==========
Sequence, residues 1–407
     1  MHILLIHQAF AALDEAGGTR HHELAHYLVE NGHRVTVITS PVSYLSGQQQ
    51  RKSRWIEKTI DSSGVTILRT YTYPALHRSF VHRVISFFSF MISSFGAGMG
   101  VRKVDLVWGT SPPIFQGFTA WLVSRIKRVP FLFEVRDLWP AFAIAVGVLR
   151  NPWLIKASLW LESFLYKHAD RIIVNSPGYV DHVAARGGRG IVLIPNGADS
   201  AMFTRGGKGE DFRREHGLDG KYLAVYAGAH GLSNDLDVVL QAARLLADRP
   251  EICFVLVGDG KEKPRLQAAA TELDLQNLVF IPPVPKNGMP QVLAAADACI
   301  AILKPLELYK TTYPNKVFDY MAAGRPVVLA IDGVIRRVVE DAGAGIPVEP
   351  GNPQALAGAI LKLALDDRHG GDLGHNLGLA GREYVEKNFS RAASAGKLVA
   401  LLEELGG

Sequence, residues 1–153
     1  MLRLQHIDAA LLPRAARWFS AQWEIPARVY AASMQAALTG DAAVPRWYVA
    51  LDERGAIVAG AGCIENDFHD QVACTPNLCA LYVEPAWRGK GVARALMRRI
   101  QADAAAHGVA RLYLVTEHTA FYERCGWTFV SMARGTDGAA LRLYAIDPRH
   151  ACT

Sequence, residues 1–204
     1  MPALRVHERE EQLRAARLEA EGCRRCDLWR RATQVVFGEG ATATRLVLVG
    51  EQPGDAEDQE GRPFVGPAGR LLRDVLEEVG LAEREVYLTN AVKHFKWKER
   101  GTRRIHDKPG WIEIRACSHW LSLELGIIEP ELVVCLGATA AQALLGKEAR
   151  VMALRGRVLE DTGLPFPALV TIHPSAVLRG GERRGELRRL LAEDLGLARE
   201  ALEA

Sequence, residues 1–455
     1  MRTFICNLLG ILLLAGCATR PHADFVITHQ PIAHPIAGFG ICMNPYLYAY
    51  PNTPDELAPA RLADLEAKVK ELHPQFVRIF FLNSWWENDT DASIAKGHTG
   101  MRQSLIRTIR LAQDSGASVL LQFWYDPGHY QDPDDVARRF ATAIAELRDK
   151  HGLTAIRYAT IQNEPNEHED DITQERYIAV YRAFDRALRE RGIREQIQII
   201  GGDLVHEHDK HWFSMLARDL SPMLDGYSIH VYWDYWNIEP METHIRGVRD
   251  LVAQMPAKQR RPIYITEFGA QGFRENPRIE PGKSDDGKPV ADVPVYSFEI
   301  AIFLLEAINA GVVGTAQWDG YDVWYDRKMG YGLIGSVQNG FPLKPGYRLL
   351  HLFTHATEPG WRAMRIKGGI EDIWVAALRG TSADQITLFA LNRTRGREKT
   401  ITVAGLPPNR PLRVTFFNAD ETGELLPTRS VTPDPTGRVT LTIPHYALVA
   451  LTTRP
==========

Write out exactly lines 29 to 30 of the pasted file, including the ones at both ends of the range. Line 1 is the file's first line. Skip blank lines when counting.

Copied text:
   301  AIFLLEAINA GVVGTAQWDG YDVWYDRKMG YGLIGSVQNG FPLKPGYRLL
   351  HLFTHATEPG WRAMRIKGGI EDIWVAALRG TSADQITLFA LNRTRGREKT